1. This appeal has been preferred by the City Municipality of Dhulia against the decree of the District Judge in appeal dismissing the suit on the ground of limitation. The defendant is the honorary secretary of an institution called Rajwade Sanshodhan Mandal at Dhulia which owned two buildings in Dhulia City. According to the plaintiff-Municipality those buildings were liable to the Municipal house-tax and bills were sent for the two years 1931-32 and 1932-33. The defendant's case was that they were not liable as they belonged to a public institution. He, therefore, appealed to the Bench Magistrates under Section 110 of the Bombay Municipal Boroughs Act. The Magistrates held on April 29, 1933, that the buildings were not liable to house-tax and directed a refund of the amount. Thereupon the present suit was filed by the Municipality on November 27, 1934, for a declaration that the decision of the Magistrates' Court was null and void and that the property was liable to house-tax and for other consequential reliefs.
2. The defendant contended that the Municipality was not entitled to levy the tax inasmuch as the defendant body was a public institution and was therefore exempt from Municipal taxation. It was further contended that the civil Court had no jurisdiction to hear the suit as the decision of the Bench Magistrates that they were not liable to taxation was final. He also pleaded the bar of limitation on the ground that the suit ought to have been filed within one year from the date of the Magistrates' decision.
3. The trial Court found on all the points in the plaintiff's favour. It held that the general public had no right to use the buildings as a public institution under the Municipal rules, that they are, therefore, liable to be assessed and not exempt from the house-tax, that the decision of the Magistrates was not final so as to bar the jurisdiction of the Court, that there was no bar of limitation and that the plaintiff-Municipality was, therefore, entitled to levy the house-tax on the defendant's property.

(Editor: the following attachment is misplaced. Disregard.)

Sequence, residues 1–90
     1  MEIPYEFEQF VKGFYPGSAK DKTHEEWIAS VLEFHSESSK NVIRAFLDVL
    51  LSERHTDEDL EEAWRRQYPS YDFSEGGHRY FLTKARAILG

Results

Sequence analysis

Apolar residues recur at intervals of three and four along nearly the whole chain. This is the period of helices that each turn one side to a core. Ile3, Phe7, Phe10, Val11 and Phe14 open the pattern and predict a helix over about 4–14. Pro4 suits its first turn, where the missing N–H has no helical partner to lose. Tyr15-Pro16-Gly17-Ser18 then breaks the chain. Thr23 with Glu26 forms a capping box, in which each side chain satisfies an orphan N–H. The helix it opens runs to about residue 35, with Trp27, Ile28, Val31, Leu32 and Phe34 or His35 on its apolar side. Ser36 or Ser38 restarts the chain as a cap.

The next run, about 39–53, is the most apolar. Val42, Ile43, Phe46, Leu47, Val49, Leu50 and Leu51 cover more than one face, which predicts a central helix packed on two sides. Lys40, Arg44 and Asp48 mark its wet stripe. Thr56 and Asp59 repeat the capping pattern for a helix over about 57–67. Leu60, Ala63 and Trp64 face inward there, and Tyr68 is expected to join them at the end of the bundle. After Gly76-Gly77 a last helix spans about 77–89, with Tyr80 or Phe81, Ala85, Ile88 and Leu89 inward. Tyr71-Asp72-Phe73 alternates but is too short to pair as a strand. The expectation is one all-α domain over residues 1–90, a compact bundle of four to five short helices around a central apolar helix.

4. The defendant appealed, and the two points before the learned District Judge were whether the suit was barred by limitation and whether an exemption from taxation could be claimed on the ground that the general public had a right to use the buildings. On the second point the learned Judge confirmed the finding of the trial Court and held that the general public had no right to use this property and that therefore it was not exempt from Municipal taxation. But on the point of limitation the learned Judge was; of the opinion that the suit was barred under Article 14 of the Indian Limitation Act because it was filed more than one year after the decision of the Bench Magistrates. That decision was given on April 29, 1933, and the suit was filed on November 27, 1934. The appeal having been allowed on that ground, the suit was dismissed and the present appeal has been filed against the dismissal of the suit on that ground.
5. The appellant's case is that the suit is not governed by Article 14 inasmuch as the order of the Bench Magistrates was not an order of an officer of Government falling under Article 14. The view of the learned Judge was that the order of the Bench Magistrates was an order of an officer of Government in his official capacity and that it must be set aside before the civil Court can declare that the buildings were liable to Municipal taxation.
6. Section 110 of the Bombay Municipal Boroughs Act provides that appeals against any notice of demand issued under Sub-section (3) of Section 104 may be made to any Magistrate or Bench of Magistrates by whom under the directions of the District Magistrate such class of cases is to be tried. The next Section 111 provides, among other things, that the decision of the Magistrate or Bench of Magistrates upon any appeal shall, at the instance of either party, be subject to revision by the Court to which appeals against his or their decisions ordinarily He, and that effect shall be given by the Chief Officer to every decision of the said Magistrate or Bench of Magistrates on any appeal or any decision in revision on such appeal against any such tax.